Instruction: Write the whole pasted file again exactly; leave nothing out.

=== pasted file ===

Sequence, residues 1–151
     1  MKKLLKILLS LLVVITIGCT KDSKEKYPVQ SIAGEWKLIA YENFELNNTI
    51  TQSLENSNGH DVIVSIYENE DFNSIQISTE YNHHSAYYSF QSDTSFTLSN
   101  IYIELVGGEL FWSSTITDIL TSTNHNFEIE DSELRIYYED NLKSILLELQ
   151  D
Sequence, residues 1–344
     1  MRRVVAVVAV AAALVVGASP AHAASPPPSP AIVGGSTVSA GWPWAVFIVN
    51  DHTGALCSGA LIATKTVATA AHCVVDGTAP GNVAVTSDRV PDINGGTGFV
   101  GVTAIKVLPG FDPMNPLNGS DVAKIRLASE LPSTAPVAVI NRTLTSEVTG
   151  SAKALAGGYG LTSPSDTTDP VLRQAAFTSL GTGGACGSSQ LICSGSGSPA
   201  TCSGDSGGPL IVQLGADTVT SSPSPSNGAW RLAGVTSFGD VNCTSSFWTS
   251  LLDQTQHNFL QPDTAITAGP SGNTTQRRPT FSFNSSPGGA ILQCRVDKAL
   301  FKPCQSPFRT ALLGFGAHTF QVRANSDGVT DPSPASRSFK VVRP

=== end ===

Sequence, residues 1–151
     1  MKKLLKILLS LLVVITIGCT KDSKEKYPVQ SIAGEWKLIA YENFELNNTI
    51  TQSLENSNGH DVIVSIYENE DFNSIQISTE YNHHSAYYSF QSDTSFTLSN
   101  IYIELVGGEL FWSSTITDIL TSTNHNFEIE DSELRIYYED NLKSILLELQ
   151  D
Sequence, residues 1–344
     1  MRRVVAVVAV AAALVVGASP AHAASPPPSP AIVGGSTVSA GWPWAVFIVN
    51  DHTGALCSGA LIATKTVATA AHCVVDGTAP GNVAVTSDRV PDINGGTGFV
   101  GVTAIKVLPG FDPMNPLNGS DVAKIRLASE LPSTAPVAVI NRTLTSEVTG
   151  SAKALAGGYG LTSPSDTTDP VLRQAAFTSL GTGGACGSSQ LICSGSGSPA
   201  TCSGDSGGPL IVQLGADTVT SSPSPSNGAW RLAGVTSFGD VNCTSSFWTS
   251  LLDQTQHNFL QPDTAITAGP SGNTTQRRPT FSFNSSPGGA ILQCRVDKAL
   301  FKPCQSPFRT ALLGFGAHTF QVRANSDGVT DPSPASRSFK VVRP